The Bureau of Land Management has finalized a plan to capture and remove wild horses from the Jackson Mountains Herd Management Area in Nevada and to possibly use the surgical sterilization of mares to hold down the population there.
The 283,775-acre Herd Management Area, located about 60 miles northwest of Winnemucca, Nev., is home to an estimated 491 wild horses as of March. The agency-set “Appropriate Management Level” for the Jackson Mountains HMA is 130-217 horses.
The BLM’s stated goal is to reduce the population to the low AML number of 130. Its reasons include to “prevent undue or unnecessary degradation of the public lands associated with excess wild horses,” the reduced body condition scores of some horses, horses straying outside the Herd Management Area in search of food and water, and safety concerns on nearby roadways.
The BLM’s newly announced long-term plans are to begin with a helicopter roundup to reduce the population to low AML, then to remove an additional “excess” wild horses over the next 10 years using bait-and-trap: traps made of livestock panels stocked with food or water. No date has been set for a roundup.
The BLM’s plans are to reduce the population to low AML, implement fertility control and insert intra-uterine devices (IUDs) into mares, manage a non-reproducing portion of sterilized mares, which would be up to approximately ¼ of the overall number of mares, and make sex-ratio adjustments for horses so that males make up approximately 60% of the herd.
The BLM lists as an option a spay procedure known as ovariectomy via colpotomy. RTF strongly opposes performing this dangerous, costly, painful and invasive sterilization procedure on wild mares and burro jennies — especially when proven, safe and humane fertility control is readily available. RTF sued the BLM in 2020 over a plan to sterilize mares. As a result, the agency dropped the plan in 2021.
RTF also opposes the use of IUDs based on past studies and will remain so until they are shown to be safe, humane and effective.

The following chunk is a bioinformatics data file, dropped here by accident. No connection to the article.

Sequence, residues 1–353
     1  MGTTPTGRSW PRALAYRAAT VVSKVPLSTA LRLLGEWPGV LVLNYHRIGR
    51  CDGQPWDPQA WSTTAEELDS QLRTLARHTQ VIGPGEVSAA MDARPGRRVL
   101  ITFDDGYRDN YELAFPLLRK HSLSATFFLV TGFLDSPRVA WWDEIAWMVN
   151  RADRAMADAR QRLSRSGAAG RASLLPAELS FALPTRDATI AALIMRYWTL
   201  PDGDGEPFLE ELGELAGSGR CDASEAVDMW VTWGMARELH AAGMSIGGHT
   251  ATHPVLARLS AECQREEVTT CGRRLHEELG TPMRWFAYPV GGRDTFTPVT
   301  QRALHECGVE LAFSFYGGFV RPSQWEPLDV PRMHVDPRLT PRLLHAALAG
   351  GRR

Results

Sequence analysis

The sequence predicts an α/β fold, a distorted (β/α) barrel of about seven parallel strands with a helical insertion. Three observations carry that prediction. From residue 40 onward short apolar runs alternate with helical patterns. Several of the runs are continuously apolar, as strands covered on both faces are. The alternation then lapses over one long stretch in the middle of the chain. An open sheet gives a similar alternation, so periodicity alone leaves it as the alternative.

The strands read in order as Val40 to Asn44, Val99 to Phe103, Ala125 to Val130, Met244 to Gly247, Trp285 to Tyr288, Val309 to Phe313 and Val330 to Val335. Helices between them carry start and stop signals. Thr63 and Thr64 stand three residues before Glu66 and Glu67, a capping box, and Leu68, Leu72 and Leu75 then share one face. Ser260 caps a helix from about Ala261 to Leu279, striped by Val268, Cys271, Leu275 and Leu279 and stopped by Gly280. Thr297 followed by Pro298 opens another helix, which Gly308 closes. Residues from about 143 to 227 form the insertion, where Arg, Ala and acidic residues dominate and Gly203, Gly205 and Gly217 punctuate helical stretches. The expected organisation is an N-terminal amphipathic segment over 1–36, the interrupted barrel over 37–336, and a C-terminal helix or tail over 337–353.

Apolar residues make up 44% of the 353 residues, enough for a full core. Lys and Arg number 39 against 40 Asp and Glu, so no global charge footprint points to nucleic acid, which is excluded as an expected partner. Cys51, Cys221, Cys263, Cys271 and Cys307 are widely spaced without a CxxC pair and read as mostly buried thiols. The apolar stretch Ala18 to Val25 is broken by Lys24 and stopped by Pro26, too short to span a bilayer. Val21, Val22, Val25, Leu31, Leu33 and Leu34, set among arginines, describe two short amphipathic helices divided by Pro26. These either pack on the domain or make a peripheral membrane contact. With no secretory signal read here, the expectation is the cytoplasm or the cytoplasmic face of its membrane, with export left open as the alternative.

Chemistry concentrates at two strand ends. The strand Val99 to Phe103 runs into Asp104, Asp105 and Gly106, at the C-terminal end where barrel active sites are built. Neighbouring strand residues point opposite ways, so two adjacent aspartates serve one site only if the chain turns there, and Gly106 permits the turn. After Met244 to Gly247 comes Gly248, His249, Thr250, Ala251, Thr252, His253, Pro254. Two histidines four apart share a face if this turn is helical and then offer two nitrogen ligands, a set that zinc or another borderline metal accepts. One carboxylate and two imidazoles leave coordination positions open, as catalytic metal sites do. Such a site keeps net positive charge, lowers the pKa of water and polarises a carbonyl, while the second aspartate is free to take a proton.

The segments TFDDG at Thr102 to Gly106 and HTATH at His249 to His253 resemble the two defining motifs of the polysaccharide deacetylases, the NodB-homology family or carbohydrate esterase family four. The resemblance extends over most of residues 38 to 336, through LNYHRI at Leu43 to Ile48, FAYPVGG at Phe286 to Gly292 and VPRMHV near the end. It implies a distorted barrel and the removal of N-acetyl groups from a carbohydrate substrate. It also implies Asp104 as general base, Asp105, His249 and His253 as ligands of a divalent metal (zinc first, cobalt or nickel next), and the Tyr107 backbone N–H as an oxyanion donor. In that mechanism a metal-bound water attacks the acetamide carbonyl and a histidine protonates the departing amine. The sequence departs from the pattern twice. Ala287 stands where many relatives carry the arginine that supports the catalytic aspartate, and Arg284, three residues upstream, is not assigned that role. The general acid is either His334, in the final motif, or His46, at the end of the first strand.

RTF does not advise sex-ratio skewing for wild horses for these reasons: (1) management of populations via sex skewing is temporary (populations return to their normal ratios), and (2) healthy populations rely on whatever the norms are in terms of that population’s demographics – adjusting a population of wild horses to skew for more or less of anything does not attain a natural state for that population, with behavior ramifications that are not yet understood (potential heightened aggression in stallions, for example).
The BLM conducted an “emergency” roundup on the Jackson Mountains HMA in fall 2021, capturing 527 wild horses, because on what the agency said were the deteriorating body condition of wild horses “due to extremely limited water sources” and “undue or unnecessary degradation of the public lands associated with excess wild horses.”
Thirty-one horses were killed during the roundup, all put down for what the agency classified as pre-existing conditions. Of those, 19 were put down for “starving / malnourished,” according to the gather report.
During the 2021 roundup, the BLM failed to treat and release additional mares with fertility control, which could have halted future roundups.
As part of its planning process, the BLM did not consider reducing private livestock numbers on the Herd Management Area. Nine operators graze livestock seasonally on six allotments that overlap the Herd Management Area by 1%-60%. BLM allows private livestock grazing up to a maximum of 32,744 Animal Unit Months, the equivalent of 2,729 cow-calf pairs annually (one AUM equals monthly forage for one cow-calf pair, one horse or five sheep). Actual use numbers have been lower in recent years because of drought. For example, 23,495 AUM were used for livestock in 2020, according to planning documents.
Since 1989, about 3,900 wild horses have been removed from the Jackson Mountains HMA.